The ballet begins with curtain and lighting shifts that are lovely. As illumination intensifies, the patterned front drop becomes visible as arrays of red lanterns. They rise up. The set designs are mostly back and side drops that leave the stage unencumbered for action and dance. They are, though, far from neutral or merely decorative props. At the start and throughout, the stage is dressed in wonderful walls of cloth, subtlely and atmospherically patterned and perceptibly textured (Zeng Li's designs, Zhang Yimou's lighting). The costuming (Jerome Kaplan's) doesn't achieve moods with quite such austere elegance. Promising is the ballerina's introductory dance. It displays her body and breaks its lines expressively and dynamically. There's even a hint of developing the movement. Subsequently, though, there is nothing further in the choreography that's equally interesting. Modest numbers of steps and gestures convey the action, but do so clearly. The depiction of relationships follows latter day Western fashion with duets that stretch anatomic line and entangle the partners in complex lifts; expressive solos crumple the body's contours, roil the hands and upset the features predictably. Ensembles are more varied in formation than in step content, which tends to be monotonous. A dramatically effective passage is the ballet's rape scene. It starts as a shadow dance for the Master and the ballerina, then climaxes with her breaking through the paper screen that shielded our eyes from seeing the actual dancers. Brilliant at first is the ballet's unhappy ending, an execution scene. The ballerina, the young male performer who is her true love and the Master's first concubine who blabbed about them are beaten to death by soldiers wielding long red paddles. This is not shown literally. Behind the three victims, the soldiers march along the backdrop and hit its white surface with their paddles, leaving blood red marks (almost calligraphy) on the canvas as the victims slowly sink to the ground. At that point, the final curtain should have come down. There was more though, snowflakes falling onto the corpses, a veritable snowstorm, and a line of concubines carrying red lanterns skimming past the bodies. Too much! The Act 2 divertissement by the Peking Opera made an apt contrast with the balletic main portion of "Red Lantern". It had a double function, giving the ballerina and her true love the chance to meet, but this could have been handled less melodramatically. More clever was the scene at the gaming tables which showed everyone's obsessions and gave the lovers somewhat plausible encounters.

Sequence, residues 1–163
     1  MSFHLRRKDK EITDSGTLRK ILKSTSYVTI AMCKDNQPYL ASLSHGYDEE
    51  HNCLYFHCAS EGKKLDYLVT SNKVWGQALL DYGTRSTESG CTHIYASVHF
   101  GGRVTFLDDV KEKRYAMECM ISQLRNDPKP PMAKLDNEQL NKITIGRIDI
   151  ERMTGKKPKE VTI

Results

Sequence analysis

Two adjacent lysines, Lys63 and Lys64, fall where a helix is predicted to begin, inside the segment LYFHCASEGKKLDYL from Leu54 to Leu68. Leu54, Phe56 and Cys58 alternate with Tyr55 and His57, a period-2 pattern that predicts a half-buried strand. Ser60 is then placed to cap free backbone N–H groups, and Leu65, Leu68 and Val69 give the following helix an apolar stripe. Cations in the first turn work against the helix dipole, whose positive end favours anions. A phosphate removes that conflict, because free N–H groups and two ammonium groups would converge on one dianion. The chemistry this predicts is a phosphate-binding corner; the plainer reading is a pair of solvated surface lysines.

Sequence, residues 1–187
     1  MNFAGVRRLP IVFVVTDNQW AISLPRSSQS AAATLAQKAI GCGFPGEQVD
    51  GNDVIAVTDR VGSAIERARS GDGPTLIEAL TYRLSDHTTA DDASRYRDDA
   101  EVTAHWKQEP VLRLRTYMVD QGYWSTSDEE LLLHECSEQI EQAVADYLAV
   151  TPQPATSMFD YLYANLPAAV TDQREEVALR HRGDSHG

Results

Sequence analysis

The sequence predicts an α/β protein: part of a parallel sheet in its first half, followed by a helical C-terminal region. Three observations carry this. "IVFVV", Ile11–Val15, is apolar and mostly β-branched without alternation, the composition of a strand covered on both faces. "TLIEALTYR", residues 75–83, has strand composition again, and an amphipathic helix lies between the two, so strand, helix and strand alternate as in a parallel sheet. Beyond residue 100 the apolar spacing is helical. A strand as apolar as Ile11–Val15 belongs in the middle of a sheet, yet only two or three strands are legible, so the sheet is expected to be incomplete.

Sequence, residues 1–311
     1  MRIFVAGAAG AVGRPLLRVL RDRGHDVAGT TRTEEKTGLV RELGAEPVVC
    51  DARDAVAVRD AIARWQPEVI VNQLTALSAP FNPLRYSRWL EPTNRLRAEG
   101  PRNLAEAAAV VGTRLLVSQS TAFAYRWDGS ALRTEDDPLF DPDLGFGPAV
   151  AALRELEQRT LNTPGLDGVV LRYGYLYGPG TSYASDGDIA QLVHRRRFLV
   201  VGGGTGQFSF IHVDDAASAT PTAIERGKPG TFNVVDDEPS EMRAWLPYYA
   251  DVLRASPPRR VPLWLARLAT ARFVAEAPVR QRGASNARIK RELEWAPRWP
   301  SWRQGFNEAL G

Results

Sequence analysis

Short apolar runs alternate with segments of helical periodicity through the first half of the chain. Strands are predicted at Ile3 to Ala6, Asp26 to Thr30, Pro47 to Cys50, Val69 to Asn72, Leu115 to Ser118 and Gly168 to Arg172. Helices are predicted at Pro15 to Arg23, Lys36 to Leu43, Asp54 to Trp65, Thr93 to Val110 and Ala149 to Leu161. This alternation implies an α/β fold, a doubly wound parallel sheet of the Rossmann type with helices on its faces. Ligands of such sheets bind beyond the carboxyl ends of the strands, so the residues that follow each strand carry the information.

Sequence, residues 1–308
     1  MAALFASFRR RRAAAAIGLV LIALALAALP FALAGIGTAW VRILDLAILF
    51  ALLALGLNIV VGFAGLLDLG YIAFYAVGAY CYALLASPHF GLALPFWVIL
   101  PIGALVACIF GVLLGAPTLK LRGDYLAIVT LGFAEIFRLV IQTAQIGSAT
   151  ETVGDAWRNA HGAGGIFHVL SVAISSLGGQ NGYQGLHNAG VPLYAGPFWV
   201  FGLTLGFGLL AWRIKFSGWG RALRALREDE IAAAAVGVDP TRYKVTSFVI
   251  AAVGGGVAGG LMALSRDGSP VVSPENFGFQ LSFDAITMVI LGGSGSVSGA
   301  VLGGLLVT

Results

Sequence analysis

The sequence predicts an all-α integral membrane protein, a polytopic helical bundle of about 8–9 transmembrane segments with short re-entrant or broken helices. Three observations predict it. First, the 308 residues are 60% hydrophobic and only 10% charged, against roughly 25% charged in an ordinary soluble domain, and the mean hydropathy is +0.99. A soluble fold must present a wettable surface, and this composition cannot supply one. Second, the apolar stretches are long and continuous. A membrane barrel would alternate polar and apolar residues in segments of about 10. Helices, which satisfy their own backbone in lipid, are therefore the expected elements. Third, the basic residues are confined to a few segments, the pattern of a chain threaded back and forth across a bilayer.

Western attempts to fuse ballet with Far Eastern movement have often been dismissed as effete, as chinoiserie. Earlier fusions in China, such as "The Red Detachment of Women", were labeled as militaristic. In both categories, though, there was the aim to combine with consistency aspects of actual movement. "Red Lantern" is more a collage. Given its music (by Chen Qigang) which also seems composed of different, separate numbers, the two choreographers may not have had much choice. In modern dance, the meeting of East and West may be easier to achieve even if no final formula has been found. Chances are that the search will continue.
The Festival of China has already displayed a few gems. One of them was Act 2 of "Giselle" (after Anton Dolin's staging) on Wednesday,October 5. The dancers of the National Ballet of China had modern bodies, exciting technique and a way with pantomime that was ever so careful yet totally committed. Zhu Yan was Giselle, Li Jun the Albrecht (he had material with which to be poignantly expressive, unlike in "Red Lantern"), Jin Jia the Myrtha. The first day of the festival, October 1, coincided with the 56th anniversary of Communist rule on China's mainland and that night's fireworks over the Potomac began decoratively. The arcs, swirls and loops were like a ribbon dance done with sparklers. The coda, though, was frightening: three blasts like galaxies exploding that shook the river's banks and could be heard as far away as Maryland. Smoke resulting from this volley looked like atom bomb clouds that blew in the direction of Kennedy Center and Watergate.
Volume 3, No. 37
October 10, 2005
©2005 George Jacksonl
Alan M. Kriegsman
Sali Ann Kriegsman
Alexandra Tomalonis (Editor)
Kathrine Sorley Walker